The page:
Being a railroader is one of those careers you either love or hate
and the industry as a whole is not very well understood by the general
public. For instance, when I was in high school I began asking around
to councilors and teachers about what exactly one needed to do to become
a railroader. Not one could answer my question, or even point me in
the right direction, and I never really received solid answers until I
attended an event held by CSX when I was in college.
If you think you would to work in the railroad industry, in the more
well known fields of either transportation or maintenance, please know
that the work can be pretty difficult and the hours very long.
You must learn to adapt at being away from home and family for long
periods of time, sleep in hotels, and fight the constant battle against
fatigue. It was these drawbacks in particular that drove me away from
becoming a railroader, personally I just did not feel the sacrifice
was worth it. Of course, there are some very good things about working
in the industry including excellent pay, benefits, and retirement. Lastly, if you are in
please be sure and check out the career pages of the Class Is if you are interested in the field of business (such as
management). Many offer summertime programs to help you get your foot
in the door while still in school.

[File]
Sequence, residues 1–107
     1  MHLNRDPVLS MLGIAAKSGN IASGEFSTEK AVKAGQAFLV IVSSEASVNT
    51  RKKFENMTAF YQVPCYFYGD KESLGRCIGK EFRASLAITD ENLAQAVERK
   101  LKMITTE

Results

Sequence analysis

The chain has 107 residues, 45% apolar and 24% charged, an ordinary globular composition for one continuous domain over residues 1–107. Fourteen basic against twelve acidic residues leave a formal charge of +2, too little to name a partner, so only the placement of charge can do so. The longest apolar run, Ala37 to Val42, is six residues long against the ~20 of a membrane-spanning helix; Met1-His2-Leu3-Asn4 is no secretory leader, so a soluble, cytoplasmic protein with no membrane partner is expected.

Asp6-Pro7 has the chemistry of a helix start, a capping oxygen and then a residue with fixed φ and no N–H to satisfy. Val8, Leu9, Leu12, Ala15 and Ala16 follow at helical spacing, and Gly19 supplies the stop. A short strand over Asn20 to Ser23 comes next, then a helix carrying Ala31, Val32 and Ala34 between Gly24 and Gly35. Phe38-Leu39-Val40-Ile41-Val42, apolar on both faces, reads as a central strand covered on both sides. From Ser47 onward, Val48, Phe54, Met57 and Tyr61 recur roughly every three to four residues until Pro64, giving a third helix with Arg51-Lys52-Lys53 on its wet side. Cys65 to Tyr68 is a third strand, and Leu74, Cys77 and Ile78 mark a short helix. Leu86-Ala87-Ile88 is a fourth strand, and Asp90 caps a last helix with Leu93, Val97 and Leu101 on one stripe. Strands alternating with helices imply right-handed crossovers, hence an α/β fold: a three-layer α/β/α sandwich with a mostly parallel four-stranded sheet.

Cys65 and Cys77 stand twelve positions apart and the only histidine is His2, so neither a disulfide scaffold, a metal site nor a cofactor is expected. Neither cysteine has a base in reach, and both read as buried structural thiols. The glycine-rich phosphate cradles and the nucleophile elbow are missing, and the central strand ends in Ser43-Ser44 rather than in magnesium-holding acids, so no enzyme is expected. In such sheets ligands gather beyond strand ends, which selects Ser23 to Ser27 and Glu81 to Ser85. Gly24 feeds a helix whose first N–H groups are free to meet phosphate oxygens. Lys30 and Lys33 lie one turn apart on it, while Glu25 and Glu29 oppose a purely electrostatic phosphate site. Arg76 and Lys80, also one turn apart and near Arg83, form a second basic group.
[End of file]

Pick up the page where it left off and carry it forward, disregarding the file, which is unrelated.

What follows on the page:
Short Lines And Regionals
Iowa Interstate Railroad: The Iowa Interstate has been in
operation for more than 30 years and today operates and today operates a
main line which stretches from Chicago (via trackage rights) to Omaha.
Nebraska, Kansas & Colorado Railway: The NK&C is an
OmniTRAX property, more nearly 600 miles of unconnected track in
Nebraska, Kansas, and eastern Colorado.
Brandon Railroad: This terminal railroad operates about 17 miles of
track around Omaha connecting with Union Pacific and BNSF. For contact
information; 4901 South 28th Street, Omaha, Nebraska 68107-2610.
|A trio of Milwaukee Road SD40-2s and a BN SD40-2 have an empty train of coal hoppers heading westbound through Dayton's Bluff Yard in St. Paul on September 17, 1982. These are the dying days of the Milwaukee, which will disappear within a few years.|
Fremont Northwestern Railroad: To contact the railroad; P. O. Box 26, Osmond, Nebraska 68765-0026.
Nebkota Railway: This short line operates a segment of former Chicago
& North Western trackage in northwestern Nebraska. For contact
information; 111 North Main Street, Chadron, Nebraska.
Nebraska Central Railroad: This large short line, owned by Rio
Grande Pacific Corporation, operates more than 300 miles of its own
trackage (former branch lines) along with an additional 70 miles of
trackage owned by Union Pacific in eastern Nebraska.
Nebraska Northeastern Railway: This shortline operates about 120
miles of trackage between Ferry Station and O'Neill, Nebraska, with
connections to the BNSF Railway. To contact the railroad; 105 South
State Street, Osmond, Nebraska 68765-5013.
|Union Pacific C41-8W #9441 and a trio of Norfolk Southern units roll past a grain elevator in North Platte with empty hoppers on July 4, 1991.|
Omaha, Lincoln & Beatrice Railway: The historic OL&B
dates back to the very early 20th century as an interurban railroad,
which is also well known as the "The Big Red Line". Today, the
shortline performs mostly switching duties serving the town of Lincoln
with connections to both Union Pacific and BNSF Railway.
Sidney & Lowe Railroad: The Sidney & Lowe, owned by
Progress Rail Service, is a terminal railroad operating between Sidney
and Huntsman with connections to BNSF and UP. To contact the railroad
about job openings; 3224 Road 107, Sidney, Nebraska 69162.